The purpose of this disclosure is to explain how we make money without charging you for our content.
Our mission is to help people at any stage of life make smart financial decisions through research, reporting, reviews, recommendations, and tools.
Earning your trust is essential to our success, and we believe transparency is critical to creating that trust. To that end, you should know that many or all of the companies featured here are partners who advertise with us.
Our content is free because our partners pay us a referral fee if you click on links or call any of the phone numbers on our site. If you choose to interact with the content on our site, we will likely receive compensation. If you don't, we will not be compensated. Ultimately the choice is yours.
Opinions are our own and our editors and staff writers are instructed to maintain editorial integrity, but compensation along with in-depth research will determine where, how, and in what order they appear on the page.
To find out more about our editorial process and how we make money, click here.
Q: I just got the new iPhone with the cheapest plan I could find. I’m already nervous about all the money I’m spending, so I’m wondering if there are settings I can use to make sure I avoid overage charges?
A: Well, the good news is that amidst all this constant reshuffling of phone plans by the big-four carriers here in the U.S., we’ve finally landed on standard plans generally offering unlimited voice minutes and text messages, with cellular data now being the most variable cost each month.
I’m not sure which provider you’re with, but the cheapest plans on each of the big networks provide the following buckets of data:
- AT&T: 300 megabytes
- Sprint: Unlimited
- T-Mobile: 1 gigabyte
- Verizon: 1 gigabyte
Some quick notes—read this part really fast in your head as though it’s fine print: If you go over your 300 megabytes with AT&T, it’ll cost you $20 for an additional 300 megabytes but any data you don’t use will roll over for use during one additional billing cycle if you need it. Sprint offers unlimited data while you’re on the Sprint network, which is a mighty fine deal as long as you have decent coverage where you live. T-Mobile offers one gigabyte of high-speed data but doesn’t charge you for overages; instead, your data speed slows down considerably for the rest of your billing cycle. Verizon charges $15 for an additional gigabyte if you go over.
So we’re not so worried about voice and texting since those are unlimited across all four carriers. We do want to keep an eye on data, however; especially if you’re with AT&T or Verizon and especially if you’re on that 300-megabyte AT&T plan.
Here are a handful of tricks to stave off overages.
1) Keep an Eye On Your Data Usage
In the Settings > Cellular section of your phone, you’ll notice a “Cellular Data Usage” heading. This will tell you how much data you’ve used, but you’ve got to be diligent about resetting it each time your billing cycle resets. You can reset it by scrolling all the way down to the bottom of the page and tapping the “Reset Statistics” button. Remember to do this each time your billing cycle starts over and you’ll have a pretty good idea of how much data you’re using each month.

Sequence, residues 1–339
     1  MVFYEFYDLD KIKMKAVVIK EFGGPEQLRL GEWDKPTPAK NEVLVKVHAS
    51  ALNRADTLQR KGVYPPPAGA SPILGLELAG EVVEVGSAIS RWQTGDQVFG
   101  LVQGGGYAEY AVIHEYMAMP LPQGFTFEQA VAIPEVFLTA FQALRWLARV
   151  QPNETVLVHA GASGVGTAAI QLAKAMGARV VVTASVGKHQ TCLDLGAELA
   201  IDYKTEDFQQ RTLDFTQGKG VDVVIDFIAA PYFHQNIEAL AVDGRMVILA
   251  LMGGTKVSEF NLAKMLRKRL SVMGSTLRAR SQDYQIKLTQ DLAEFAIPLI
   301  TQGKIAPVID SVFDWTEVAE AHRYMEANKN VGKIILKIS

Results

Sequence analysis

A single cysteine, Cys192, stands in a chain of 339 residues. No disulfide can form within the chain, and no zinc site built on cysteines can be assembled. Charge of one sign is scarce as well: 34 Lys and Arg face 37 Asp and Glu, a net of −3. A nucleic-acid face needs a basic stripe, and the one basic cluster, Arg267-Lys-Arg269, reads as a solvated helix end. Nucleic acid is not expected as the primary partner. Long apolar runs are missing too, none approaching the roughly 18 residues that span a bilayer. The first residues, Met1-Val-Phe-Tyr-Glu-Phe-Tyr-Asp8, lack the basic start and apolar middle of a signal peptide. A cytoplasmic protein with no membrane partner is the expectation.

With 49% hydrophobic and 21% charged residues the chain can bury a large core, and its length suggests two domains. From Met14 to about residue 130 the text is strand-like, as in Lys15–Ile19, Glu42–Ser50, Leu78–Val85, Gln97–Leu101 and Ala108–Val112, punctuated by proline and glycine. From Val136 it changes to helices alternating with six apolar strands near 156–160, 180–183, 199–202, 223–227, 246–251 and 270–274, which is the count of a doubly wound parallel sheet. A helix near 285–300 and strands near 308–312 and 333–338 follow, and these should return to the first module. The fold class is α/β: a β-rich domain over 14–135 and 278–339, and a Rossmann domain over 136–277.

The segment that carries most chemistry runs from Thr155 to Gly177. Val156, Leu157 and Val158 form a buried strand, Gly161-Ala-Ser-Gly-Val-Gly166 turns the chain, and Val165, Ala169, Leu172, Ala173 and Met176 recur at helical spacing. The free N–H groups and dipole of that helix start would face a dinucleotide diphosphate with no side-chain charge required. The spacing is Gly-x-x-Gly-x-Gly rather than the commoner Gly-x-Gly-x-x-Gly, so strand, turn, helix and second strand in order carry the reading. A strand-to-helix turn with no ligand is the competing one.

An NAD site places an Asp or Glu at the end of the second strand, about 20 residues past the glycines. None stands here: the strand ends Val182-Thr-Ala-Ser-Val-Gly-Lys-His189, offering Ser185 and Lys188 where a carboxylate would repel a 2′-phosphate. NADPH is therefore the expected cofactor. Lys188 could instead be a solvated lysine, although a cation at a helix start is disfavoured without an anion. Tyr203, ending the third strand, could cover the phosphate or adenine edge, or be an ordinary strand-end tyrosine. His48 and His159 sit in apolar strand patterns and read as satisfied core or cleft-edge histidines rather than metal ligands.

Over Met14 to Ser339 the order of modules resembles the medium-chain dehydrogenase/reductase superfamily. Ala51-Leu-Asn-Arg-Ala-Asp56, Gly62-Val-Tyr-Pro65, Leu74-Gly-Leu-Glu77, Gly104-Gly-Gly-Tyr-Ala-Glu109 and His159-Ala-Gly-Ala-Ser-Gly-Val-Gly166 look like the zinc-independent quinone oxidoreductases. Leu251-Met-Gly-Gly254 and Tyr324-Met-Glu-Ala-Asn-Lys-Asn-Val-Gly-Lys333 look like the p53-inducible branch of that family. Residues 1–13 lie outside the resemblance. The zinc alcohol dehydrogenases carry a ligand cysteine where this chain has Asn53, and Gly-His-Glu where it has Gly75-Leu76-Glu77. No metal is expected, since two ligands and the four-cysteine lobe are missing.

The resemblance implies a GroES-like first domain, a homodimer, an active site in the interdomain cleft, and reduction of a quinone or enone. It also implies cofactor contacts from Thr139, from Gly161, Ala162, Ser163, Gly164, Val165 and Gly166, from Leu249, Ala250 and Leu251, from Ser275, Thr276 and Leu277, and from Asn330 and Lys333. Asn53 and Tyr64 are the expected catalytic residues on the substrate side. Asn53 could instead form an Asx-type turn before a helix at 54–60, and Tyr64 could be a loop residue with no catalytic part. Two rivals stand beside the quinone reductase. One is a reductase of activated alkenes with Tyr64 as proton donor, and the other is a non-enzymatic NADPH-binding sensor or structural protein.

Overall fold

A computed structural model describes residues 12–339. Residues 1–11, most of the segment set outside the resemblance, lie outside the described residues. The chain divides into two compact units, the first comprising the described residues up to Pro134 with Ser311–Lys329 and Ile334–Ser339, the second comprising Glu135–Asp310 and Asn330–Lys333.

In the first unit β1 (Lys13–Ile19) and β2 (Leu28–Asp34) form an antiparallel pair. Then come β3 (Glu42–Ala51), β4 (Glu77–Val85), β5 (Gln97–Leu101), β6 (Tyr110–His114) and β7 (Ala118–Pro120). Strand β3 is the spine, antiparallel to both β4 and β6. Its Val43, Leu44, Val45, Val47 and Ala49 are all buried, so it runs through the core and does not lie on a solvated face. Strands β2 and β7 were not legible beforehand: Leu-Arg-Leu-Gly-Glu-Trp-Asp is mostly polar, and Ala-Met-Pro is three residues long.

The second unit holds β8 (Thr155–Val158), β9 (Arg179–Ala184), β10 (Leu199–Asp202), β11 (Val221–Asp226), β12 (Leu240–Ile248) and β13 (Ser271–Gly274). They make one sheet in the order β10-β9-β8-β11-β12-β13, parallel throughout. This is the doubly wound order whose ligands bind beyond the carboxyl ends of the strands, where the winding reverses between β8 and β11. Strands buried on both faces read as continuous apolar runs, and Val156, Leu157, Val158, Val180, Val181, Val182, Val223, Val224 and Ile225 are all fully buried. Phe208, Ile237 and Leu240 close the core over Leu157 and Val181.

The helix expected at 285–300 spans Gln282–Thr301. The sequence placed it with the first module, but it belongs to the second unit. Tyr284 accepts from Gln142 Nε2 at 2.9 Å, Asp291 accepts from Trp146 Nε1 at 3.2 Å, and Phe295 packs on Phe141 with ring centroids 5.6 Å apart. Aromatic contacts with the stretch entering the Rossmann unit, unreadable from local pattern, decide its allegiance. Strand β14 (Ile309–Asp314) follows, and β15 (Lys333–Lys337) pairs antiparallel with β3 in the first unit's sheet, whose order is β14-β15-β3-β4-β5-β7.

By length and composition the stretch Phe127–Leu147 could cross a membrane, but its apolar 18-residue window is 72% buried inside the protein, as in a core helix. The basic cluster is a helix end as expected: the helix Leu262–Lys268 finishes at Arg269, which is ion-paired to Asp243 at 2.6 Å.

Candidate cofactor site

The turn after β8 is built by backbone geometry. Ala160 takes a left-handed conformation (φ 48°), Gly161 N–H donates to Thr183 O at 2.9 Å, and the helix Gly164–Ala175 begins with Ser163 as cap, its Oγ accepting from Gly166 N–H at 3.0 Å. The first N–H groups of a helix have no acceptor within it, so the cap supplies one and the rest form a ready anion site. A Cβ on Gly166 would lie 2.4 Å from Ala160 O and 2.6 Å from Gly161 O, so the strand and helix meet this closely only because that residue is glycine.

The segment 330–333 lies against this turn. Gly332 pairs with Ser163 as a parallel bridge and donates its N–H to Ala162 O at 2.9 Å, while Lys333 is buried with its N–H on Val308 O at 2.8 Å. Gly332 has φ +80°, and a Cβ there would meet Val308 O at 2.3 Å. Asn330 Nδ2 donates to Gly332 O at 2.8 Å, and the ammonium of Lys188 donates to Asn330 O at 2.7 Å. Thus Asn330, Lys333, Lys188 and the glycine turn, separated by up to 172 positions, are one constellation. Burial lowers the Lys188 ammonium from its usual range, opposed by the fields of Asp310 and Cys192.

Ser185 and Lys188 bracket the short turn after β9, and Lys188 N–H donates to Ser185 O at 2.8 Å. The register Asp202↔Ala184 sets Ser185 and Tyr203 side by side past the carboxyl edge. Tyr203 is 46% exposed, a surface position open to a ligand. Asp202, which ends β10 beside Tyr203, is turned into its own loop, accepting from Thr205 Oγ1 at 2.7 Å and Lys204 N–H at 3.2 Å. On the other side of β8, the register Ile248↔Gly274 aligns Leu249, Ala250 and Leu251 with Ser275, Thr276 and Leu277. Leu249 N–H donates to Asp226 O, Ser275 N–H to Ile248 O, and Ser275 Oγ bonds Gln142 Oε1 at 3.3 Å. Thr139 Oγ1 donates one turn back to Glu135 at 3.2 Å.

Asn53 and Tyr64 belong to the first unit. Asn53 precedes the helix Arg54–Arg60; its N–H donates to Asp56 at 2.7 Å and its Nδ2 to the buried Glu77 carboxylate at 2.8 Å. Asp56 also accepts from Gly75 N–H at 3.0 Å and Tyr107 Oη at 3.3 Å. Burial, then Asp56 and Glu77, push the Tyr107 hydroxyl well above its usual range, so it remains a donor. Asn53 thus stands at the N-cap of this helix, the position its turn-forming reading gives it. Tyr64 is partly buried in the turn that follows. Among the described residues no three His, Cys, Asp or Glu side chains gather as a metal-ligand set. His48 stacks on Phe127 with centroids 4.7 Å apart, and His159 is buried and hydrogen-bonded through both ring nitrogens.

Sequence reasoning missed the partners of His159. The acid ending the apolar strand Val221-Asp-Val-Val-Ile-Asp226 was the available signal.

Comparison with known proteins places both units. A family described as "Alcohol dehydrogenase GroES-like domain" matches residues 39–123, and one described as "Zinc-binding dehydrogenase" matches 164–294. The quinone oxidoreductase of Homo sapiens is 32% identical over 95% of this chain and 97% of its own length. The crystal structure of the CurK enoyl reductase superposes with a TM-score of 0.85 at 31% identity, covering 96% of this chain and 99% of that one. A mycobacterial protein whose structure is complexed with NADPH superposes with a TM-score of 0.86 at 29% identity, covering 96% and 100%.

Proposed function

You can also check your usage manually for a more precise number: AT&T users dial *DATA# (*3282#), Sprint users text “usage” to 1311, T-Mobile users dial #WEB# (#932#), and Verizon users dial #DATA (#3282).
2) Turn Off Wi-Fi Assist
In the same Settings > Cellular menu, scroll almost all the way to the bottom. You’ll notice a “Wi-Fi Assist” setting. If this is on, you can safely turn it off. When it’s enabled, it compensates for shaky Wi-Fi connections by using your cellular data connection to help carry the load. It’s a nice feature, but it’s not totally necessary, so feel free to turn it off and save some bandwidth.
3) Only Use Cellular Data for Certain Apps
We’ll stay in the same Settings > Cellular menu, but scroll up a bit to your list of apps under the “Use Cellular Data For:” heading. If you only use certain apps when you’re at home and connected to Wi-Fi—Netflix, for instance—you can switch their sliders to the off position. This will ensure that bandwidth-intensive apps only use your Wi-Fi connection.
4) Prevent Apps From Sipping Data All Day
This tip helps cut back on data usage and pulls double duty as a great battery-saver as well. Head over to Settings > General > Background App Refresh and disable any apps you don’t want constantly updating themselves all day. This means that the next time you open Facebook, for instance, it’ll churn for a bit as it pulls down new posts instead of having the most recent posts ready to go. If you really want to cut back on data usage and maximize your battery life, you can flip the switch at the very top of the menu to turn off Background App Refresh for all your apps.
Doug Aamoth lives in Boston and has spent more than two decades in the technology industry, working for consumer electronics retailers, support centers, startups, internet security providers, and media companies.